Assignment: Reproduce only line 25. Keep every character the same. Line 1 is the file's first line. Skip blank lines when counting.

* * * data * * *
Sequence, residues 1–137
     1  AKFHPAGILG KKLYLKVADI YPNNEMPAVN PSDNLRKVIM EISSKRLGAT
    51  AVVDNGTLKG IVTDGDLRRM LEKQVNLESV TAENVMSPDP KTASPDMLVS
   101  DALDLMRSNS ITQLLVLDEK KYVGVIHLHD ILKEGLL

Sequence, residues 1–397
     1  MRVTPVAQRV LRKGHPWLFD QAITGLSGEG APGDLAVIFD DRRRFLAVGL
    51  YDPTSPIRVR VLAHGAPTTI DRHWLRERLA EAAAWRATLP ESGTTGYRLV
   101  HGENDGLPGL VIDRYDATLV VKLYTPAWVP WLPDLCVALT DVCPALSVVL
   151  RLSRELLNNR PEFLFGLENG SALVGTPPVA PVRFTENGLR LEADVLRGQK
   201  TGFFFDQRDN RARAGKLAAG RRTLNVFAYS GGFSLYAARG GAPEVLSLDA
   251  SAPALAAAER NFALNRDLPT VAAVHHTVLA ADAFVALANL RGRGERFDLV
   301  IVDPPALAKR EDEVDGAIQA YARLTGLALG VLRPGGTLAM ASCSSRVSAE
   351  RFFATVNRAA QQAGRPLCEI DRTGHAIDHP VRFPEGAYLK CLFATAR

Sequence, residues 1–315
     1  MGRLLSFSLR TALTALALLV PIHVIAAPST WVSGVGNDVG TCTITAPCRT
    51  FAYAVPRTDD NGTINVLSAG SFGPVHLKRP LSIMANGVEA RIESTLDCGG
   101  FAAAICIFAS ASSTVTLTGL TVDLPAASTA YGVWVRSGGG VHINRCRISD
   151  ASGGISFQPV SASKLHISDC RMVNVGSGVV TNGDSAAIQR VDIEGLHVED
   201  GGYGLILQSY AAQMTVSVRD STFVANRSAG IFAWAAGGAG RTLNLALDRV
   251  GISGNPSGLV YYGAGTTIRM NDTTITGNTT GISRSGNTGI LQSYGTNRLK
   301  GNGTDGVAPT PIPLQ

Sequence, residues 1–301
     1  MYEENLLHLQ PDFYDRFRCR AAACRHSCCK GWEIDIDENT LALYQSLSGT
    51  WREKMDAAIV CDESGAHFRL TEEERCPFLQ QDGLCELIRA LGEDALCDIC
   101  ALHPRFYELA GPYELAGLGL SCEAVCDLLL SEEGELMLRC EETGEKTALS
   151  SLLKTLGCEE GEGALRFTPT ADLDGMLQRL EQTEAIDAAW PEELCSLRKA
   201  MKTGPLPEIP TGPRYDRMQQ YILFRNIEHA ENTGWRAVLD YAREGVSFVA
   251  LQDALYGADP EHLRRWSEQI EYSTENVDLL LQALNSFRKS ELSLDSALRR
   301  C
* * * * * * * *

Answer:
   101  ALHPRFYELA GPYELAGLGL SCEAVCDLLL SEEGELMLRC EETGEKTALS